Civic News
Business development / Real estate / Urban development

Port Covington is no more. Meet Baltimore Peninsula

The rebrand is the most visible part of a new identity and future for the 235-acre development, which includes a new initiative to support more women- and minority-owned businesses among its suppliers.

Baltimore Peninsula developers (L to R) Sagamore Ventures' Kevin Plank, MAG Partners' MaryAnne Gilmartin and MacFarlane Partners' Victor MacFarlane. (Courtesy photo by Matt Ryb)

After multiple revisions to the original plans behind what the South Baltimore development and surrounding neighborhood would entail, the main partners behind Port Covington today announced a rebrand for the entire area.

Say hello to Baltimore Peninsula.

Development partners and parent entities Sagamore VenturesMAG Partners, MacFarlane Partners and Goldman Sachs’s Urban Investment Group said in an announcement that the 235-acre waterfront development’s rebrand arrives around the completion of the first stage of construction. According to that statement, the renaming “reflects the community’s location along the Middle Branch” of the Patapsco River’s waterfront, as well as “the businesses, nonprofits, and destinations that already exist at the site.” Such businesses include the adjacent Rye Street Tavern and Sagamore Spirit Distillery, the latter of which is a property of Baltimore Peninsula leader and Under Armour executive chairman Kevin Plank’s aforementioned Sagamore Ventures.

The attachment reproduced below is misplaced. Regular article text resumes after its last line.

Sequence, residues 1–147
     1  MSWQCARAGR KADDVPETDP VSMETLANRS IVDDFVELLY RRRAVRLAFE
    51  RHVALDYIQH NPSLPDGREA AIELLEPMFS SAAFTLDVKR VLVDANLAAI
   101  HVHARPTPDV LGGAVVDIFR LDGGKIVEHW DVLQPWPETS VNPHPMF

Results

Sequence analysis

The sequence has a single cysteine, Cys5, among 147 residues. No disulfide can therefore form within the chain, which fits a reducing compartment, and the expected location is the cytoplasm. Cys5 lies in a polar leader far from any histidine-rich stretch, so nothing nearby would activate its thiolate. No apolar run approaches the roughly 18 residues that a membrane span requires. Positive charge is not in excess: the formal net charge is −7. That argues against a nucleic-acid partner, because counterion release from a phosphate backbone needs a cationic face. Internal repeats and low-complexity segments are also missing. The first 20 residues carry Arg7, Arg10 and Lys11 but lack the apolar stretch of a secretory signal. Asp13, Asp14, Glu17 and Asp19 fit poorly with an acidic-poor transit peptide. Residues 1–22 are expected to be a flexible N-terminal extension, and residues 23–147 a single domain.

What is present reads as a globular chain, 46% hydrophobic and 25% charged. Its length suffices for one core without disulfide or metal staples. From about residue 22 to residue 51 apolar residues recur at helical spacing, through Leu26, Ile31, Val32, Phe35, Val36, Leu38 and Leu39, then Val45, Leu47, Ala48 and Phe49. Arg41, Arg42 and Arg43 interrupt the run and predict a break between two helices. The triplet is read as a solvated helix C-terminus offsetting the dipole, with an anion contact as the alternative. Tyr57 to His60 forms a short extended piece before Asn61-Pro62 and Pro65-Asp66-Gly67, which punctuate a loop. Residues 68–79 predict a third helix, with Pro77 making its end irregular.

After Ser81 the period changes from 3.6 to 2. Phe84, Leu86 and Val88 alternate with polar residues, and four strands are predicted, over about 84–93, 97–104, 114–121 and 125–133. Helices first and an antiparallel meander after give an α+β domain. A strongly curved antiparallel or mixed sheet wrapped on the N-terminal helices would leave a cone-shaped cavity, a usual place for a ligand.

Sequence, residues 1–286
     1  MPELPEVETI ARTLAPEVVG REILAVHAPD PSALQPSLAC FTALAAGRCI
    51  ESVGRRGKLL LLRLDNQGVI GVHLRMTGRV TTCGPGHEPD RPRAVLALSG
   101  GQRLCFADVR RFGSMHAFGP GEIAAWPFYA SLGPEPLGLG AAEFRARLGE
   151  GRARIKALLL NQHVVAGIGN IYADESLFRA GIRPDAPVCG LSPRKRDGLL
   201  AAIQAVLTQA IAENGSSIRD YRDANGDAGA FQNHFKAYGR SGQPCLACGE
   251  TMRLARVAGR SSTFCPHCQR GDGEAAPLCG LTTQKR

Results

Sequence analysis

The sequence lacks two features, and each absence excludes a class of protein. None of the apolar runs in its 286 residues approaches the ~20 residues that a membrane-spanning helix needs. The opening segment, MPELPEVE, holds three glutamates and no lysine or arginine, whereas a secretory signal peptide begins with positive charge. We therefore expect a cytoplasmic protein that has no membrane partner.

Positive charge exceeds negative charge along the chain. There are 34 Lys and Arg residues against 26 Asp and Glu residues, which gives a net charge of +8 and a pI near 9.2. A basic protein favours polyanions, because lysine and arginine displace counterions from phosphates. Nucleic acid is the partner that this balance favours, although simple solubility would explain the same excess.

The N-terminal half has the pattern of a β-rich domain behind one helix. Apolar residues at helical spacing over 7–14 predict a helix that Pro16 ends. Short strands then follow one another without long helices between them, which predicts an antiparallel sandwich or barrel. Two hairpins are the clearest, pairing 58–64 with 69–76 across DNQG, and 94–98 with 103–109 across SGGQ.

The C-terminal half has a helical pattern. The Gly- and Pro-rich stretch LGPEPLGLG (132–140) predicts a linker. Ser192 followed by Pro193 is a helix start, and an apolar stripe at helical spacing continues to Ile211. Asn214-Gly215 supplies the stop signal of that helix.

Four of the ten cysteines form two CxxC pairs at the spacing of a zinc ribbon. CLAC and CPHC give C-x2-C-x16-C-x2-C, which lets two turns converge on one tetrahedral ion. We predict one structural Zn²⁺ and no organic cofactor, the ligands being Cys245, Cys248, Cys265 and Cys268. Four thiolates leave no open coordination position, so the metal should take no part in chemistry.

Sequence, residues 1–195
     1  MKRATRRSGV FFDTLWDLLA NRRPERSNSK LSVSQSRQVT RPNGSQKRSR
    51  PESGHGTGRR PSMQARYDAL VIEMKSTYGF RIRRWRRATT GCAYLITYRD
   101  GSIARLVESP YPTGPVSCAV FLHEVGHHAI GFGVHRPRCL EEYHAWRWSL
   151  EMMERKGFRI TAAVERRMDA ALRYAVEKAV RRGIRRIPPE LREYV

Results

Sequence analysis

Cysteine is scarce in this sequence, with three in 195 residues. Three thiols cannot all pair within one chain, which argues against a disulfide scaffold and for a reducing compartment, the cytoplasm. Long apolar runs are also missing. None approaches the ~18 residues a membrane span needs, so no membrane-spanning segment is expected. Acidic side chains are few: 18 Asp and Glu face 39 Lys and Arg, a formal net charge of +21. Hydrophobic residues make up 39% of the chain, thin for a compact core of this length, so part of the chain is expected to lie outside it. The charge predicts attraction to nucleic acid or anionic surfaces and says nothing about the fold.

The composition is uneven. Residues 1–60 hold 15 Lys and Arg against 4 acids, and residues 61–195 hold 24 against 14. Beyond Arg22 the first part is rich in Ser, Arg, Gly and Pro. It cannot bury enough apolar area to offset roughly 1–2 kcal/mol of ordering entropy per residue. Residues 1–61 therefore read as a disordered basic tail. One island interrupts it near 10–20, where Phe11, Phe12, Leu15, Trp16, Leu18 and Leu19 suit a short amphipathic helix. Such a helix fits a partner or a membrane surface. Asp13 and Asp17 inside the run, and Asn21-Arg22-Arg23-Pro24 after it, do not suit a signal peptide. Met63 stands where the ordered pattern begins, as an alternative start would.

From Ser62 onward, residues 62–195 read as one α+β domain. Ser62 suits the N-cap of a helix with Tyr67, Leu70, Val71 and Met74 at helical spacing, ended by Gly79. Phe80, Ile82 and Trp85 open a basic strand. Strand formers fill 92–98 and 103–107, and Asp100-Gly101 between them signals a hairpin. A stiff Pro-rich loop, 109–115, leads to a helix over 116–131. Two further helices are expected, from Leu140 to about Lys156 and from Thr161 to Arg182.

“There is no doubt in my mind that the city will continue to benefit from the momentum and energy that has resulted from the creation of this new waterfront neighborhood,” said Plank, Sagamore Ventures’s CEO, in the announcement. “The impact is undeniable.”

Up to this point, that impact is best manifest in the tremendous construction immediately visible to anybody driving on the stretches of I-95 that cross South Baltimore. The Baltimore Banner noted that this development has faced numerous delays and critiques ever since developers pitched in 2016.  Many of those concerns revolved around the $5.5 billion development’s heavy use of public subsidies, including a $660 million tax increment financing agreement whose 2016 approval by City Council was the largest such deal the city ever condoned. These issues arose against the backdrop of high-level departures at Plank’s Under Armour, including his own, as well as other issues that threatened the athletic apparel giant’s public image.

None of these concerns are apparent in the partners’ statement about Baltimore Peninsula, which instead leaned on the new amenities and facilities — including Rye House and 250 Mission, which will offer 416 “brand-new affordable and market-rate residences” — in the reimagined neighborhood. Of those 416 homes, 35 at 250 Mission will be dedicated to households earning 80% of the area median income, or AMI, while 54 at Rye House will be dedicated to those earning 50% of the AMI. Two of the three planned residential components are expected to begin in the first quarter of 2023.

President Mike Middleton of the SB7 Coalition, a group of associations for the seven neighborhoods on the southern edge of the city (including such long-segregated, underserved areas as Brooklyn and Cherry Hill), said in the partners’ statement that the prior community benefits agreement between the neighborhood and the developers would guarantee that “as Baltimore Peninsula transforms into a new home for many, the surrounding communities are lifted up alongside it.”